What is the difference between a counselling psychologist and a psychotherapist?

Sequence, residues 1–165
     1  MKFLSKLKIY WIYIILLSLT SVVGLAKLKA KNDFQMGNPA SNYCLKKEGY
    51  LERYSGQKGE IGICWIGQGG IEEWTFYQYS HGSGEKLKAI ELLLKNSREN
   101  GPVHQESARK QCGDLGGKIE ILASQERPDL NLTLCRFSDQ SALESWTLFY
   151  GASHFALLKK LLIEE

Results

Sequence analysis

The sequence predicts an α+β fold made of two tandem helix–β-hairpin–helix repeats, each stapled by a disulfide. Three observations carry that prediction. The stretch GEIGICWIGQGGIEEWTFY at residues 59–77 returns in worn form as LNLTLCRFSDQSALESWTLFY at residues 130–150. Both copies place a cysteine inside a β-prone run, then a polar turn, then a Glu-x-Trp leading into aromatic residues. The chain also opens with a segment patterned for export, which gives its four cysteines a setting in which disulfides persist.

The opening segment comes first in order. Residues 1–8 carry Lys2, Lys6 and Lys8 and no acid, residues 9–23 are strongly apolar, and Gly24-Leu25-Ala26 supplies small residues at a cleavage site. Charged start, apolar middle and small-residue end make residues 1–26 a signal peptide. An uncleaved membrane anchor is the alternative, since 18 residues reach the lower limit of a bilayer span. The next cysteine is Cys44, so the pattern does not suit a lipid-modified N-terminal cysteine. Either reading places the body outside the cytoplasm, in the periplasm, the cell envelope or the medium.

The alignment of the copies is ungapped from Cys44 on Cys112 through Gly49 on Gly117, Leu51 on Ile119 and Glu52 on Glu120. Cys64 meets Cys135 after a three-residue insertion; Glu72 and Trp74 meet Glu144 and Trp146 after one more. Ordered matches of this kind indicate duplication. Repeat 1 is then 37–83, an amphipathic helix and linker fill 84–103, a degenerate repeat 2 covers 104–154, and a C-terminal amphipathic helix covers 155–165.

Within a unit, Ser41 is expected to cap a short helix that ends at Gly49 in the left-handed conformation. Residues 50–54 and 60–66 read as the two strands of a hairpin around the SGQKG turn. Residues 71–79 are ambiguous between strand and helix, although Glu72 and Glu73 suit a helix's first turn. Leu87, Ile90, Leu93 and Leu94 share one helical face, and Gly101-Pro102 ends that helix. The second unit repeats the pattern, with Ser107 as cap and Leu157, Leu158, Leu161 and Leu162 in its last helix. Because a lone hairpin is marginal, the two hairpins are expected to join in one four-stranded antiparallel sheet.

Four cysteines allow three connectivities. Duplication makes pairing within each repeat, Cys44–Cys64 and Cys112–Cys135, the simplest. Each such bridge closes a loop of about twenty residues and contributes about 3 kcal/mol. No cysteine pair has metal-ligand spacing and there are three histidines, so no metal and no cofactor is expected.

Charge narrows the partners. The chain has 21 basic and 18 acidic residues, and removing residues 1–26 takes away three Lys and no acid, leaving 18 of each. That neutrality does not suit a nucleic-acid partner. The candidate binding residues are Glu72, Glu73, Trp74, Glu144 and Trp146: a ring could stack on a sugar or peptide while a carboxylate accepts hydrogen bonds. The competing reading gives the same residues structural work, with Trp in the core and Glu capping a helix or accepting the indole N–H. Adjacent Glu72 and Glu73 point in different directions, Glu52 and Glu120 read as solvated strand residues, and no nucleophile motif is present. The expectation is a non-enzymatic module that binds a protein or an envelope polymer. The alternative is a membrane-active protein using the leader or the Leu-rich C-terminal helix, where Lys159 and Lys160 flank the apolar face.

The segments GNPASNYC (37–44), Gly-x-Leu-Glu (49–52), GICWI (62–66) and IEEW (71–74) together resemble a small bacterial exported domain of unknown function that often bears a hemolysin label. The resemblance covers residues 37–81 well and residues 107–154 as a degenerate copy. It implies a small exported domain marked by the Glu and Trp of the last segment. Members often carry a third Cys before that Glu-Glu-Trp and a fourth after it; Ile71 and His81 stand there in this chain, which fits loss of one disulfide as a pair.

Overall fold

A psychologist is someone who has studied the human mind with a view to understanding why people behave in the way that they do. Beyond primary degree level in psychology, there are various specialisms. A counselling psychologist, for example, specialises in helping a person to bring about change using an approach that emphasises a collaborative understanding of the person’s subjective experience, inner world and construction of reality. A psychotherapist, or therapist, on the other hand, is a generic term for a professional who is trained to provide psychological treatments for people. Therefore, a counselling psychologist is a type of psychotherapist. The differences between various types of psychotherapists usually lie in their routes to qualification and the bodies by which they are accredited. The words ‘counselling’ and ‘psychotherapy’ are often used interchangeably, although, usually, counselling refers to shorter-term work that focuses on helping a person with what he or she is experiencing right now, whereas psychotherapy usually refers to helping a person to overcome deeper and more longstanding issues that have their origins in the past.